It would stand to reason that the second-gen S-Series Walkman is probably a few features short of its predecessor, namely because the entry price is significantly lower. We expected, for example, that this player would probably do away with the integrated noise-canceling functionality and the upgraded packaged headphones--both of those extras represent a cost to the company. What is baffling, however, is the fact that Sony also eliminated core interface-based features such as distinguished podcast support and the smart playlist creator, SensMe Channels. Podcasts are now lumped in with the general music catalog and thus have no bookmarking feature and will playback on shuffle--a glaring annoyance. You also won't find Rhapsody DNA integration, which, while a less surprising omission, is no less disappointing.
These deficiencies certainly mar the S-Series legacy, but the player still includes a fair amount of features for the price. You get support for MP3, secure WMA, AAC, and Linear PCM (Sony's version of WAV) audio as well as JPEG photo, but again a disappointment here: you can no longer set your own photos as wallpaper. There's also video playback for AVC, MPEG-4, and WMV, though this is crippled by the fact that the player is very particular about the size, frame rate, and container of video files. However, we do appreciate the support for videos purchased and rented from Amazon Video On Demand.
The S-Series Walkman also offers a built-in FM tuner with autoscanner and up to 30 preset slots as well as a recording feature. And there's a pinhole mic on the bottom of the unit for taking voice notes, for which you can choose from three quality settings. The external speakers afford a final bonus: you can use the Walkman as an alarm clock and wake up to the radio or a track of your choosing.
Performance to the rescue
Considering how much Sony managed to strip down the S-Series Walkman in its second iteration, it was with some trepidation that we approached the performance of the device. Luckily, it's going to take more than a severe price cut to infringe upon Sony's long history of stellar sound quality and long battery lives. The only area that isn't particularly stunning is the speaker playback, which is rather unsurprisingly tinny and anemic. It's clear and fairly loud, though, so it gets the job done, and the battery life of 17 hours for audio and 5 hours for video is more than decent.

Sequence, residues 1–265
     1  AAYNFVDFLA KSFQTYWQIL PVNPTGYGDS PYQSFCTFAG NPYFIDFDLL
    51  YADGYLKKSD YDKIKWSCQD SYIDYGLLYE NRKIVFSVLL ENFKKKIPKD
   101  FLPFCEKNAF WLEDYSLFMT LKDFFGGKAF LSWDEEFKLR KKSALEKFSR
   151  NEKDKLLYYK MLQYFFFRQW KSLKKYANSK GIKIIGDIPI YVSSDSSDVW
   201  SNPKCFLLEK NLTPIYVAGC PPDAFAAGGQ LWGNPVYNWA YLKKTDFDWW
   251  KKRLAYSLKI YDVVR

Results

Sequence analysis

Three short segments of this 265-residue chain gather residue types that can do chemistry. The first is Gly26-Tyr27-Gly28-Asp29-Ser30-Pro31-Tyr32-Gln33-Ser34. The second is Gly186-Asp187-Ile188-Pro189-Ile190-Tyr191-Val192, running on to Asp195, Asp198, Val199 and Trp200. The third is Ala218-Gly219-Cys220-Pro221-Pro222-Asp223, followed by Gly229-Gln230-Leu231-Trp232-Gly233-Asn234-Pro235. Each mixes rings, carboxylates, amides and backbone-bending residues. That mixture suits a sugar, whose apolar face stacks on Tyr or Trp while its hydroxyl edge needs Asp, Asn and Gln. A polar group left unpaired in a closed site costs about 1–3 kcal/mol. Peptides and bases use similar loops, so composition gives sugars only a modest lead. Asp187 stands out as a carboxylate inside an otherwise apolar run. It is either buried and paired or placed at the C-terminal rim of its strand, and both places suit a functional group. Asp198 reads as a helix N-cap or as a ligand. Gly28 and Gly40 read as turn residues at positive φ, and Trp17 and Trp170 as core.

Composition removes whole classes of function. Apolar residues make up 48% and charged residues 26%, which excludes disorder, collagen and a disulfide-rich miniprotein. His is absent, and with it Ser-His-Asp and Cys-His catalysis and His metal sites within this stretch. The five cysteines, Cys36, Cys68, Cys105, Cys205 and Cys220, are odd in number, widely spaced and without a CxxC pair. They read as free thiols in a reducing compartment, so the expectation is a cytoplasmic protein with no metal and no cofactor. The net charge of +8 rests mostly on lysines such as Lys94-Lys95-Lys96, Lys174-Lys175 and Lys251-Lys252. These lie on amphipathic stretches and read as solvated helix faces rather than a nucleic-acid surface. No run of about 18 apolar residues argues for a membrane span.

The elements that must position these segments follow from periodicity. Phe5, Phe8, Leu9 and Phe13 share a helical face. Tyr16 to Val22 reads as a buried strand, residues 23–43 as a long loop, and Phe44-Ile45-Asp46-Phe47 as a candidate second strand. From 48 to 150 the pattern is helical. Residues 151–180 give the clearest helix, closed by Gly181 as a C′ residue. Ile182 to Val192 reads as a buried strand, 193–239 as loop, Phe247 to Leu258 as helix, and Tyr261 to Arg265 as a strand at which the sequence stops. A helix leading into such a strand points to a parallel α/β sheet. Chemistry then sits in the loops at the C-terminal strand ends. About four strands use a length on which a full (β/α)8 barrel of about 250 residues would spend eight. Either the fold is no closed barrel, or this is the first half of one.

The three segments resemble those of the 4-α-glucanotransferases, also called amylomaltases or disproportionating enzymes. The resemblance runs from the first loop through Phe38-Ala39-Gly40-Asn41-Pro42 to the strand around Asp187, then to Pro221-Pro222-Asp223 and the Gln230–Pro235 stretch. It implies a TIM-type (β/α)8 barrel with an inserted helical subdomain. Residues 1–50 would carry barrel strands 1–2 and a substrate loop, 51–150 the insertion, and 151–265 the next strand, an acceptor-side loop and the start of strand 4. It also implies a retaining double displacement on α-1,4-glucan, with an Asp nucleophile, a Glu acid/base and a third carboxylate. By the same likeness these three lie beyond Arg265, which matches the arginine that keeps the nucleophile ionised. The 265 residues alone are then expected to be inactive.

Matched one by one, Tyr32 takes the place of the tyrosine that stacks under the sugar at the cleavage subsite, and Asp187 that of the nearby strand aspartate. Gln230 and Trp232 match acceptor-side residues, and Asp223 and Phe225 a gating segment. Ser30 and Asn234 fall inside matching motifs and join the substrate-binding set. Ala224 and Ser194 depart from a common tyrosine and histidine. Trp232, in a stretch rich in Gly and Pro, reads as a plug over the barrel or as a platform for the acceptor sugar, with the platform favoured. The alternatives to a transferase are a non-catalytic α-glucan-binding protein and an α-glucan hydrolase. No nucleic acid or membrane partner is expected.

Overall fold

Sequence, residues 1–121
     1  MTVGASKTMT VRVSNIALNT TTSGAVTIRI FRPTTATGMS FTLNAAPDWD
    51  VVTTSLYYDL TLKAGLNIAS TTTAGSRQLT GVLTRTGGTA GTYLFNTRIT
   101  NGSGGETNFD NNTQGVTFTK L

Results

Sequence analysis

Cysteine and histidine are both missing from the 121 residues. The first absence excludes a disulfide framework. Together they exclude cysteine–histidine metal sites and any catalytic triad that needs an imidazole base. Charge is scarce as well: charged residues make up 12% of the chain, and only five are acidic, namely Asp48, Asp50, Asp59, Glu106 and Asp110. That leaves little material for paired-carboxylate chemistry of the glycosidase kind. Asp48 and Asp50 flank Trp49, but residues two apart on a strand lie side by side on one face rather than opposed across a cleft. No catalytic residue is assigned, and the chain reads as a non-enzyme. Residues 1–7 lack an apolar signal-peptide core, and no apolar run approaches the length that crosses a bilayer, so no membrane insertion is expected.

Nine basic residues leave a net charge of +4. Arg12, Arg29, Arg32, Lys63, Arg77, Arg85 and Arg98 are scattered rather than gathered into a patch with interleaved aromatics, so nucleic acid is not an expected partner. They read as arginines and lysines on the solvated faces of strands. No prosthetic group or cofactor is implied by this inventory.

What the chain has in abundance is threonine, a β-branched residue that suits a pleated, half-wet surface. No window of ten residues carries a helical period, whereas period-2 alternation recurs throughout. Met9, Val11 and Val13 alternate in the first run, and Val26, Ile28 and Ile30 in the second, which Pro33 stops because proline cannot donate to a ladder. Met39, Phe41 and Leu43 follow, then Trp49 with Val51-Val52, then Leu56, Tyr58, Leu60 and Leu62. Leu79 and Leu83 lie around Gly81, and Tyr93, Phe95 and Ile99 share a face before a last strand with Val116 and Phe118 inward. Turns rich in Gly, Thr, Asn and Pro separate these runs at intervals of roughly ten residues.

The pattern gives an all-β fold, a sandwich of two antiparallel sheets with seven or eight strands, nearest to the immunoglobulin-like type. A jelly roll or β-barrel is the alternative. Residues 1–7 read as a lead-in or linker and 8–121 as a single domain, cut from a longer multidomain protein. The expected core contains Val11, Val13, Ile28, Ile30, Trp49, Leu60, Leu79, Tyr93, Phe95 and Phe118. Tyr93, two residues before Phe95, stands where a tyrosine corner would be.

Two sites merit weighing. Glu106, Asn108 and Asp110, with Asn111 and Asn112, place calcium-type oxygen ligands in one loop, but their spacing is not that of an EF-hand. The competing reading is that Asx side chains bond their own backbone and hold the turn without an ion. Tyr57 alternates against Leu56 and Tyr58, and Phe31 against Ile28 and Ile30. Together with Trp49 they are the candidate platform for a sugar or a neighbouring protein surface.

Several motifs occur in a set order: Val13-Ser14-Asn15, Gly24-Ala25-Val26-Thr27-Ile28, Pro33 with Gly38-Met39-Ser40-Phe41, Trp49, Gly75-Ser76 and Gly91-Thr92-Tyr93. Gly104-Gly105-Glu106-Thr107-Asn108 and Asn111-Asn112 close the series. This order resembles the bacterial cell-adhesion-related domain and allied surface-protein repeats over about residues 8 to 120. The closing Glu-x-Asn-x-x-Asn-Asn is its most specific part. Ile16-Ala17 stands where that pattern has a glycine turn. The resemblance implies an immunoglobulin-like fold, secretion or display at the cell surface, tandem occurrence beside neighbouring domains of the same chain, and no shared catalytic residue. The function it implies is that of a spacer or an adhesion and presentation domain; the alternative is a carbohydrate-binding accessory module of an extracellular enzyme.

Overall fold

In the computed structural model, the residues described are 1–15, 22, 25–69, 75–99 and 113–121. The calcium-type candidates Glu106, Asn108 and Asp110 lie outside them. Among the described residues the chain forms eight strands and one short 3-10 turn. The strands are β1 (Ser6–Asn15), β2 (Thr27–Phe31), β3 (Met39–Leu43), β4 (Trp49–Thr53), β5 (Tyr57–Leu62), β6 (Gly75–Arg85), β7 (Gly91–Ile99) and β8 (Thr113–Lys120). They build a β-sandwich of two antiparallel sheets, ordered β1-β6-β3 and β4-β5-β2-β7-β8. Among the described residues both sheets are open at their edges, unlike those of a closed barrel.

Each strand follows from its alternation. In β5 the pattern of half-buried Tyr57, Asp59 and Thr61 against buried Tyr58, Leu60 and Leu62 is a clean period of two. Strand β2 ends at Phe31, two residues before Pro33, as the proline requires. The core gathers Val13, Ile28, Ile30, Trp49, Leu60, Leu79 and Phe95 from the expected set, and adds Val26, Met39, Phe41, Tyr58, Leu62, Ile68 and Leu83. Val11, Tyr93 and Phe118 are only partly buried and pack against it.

Naturally, when you listen to the S-Series Walkman through a good set of headphones (the , in our case), the sound quality enjoys a dramatic improvement. Music sounds rich, warm, and defined across genres, with sparkly highs and buttery mids. Bass is punchy and encompassing without being overpowering--it's just the amount of low-end oomph we crave. The best part is that the device provides excellent audio across a full gamut of genres, which means it would make a great "everyman's" MP3 player. (And there are plenty of EQ settings to toy with, though no SRS Wow settings here.) Plus, the rated battery life of 42 hours for audio and 6.5 hours for video is nothing to scoff at, and we expect to match or beat those numbers in our CNET Labs testing (check back soon for final scores on that).
Similarly, photos and videos look fantastic on the bright screen, with excellent color saturation, crisp edges, and little-to-no visible pixelation (depending on the original quality of the files). Viewing angles are also great, though you probably wouldn't want to share for long with such a tiny screen. Finally, FM reception is well above average, and our test voice recordings came through very clear with little hiss.
The Sony S-Series Walkman offers excellent audio playback, a long battery life, a nice screen, a simple interface, and some decent extras for little money--it's obviously a great value. Indeed, it's easy to recommend this player to budget-minded people who are looking for an introduction to the Walkman line. But those who have experienced the previous generation S-Series will be very disappointed by the successor to the line. Although the new version is much cheaper, it represents a diluted version of its former self. In this case, newer definitely does not mean better.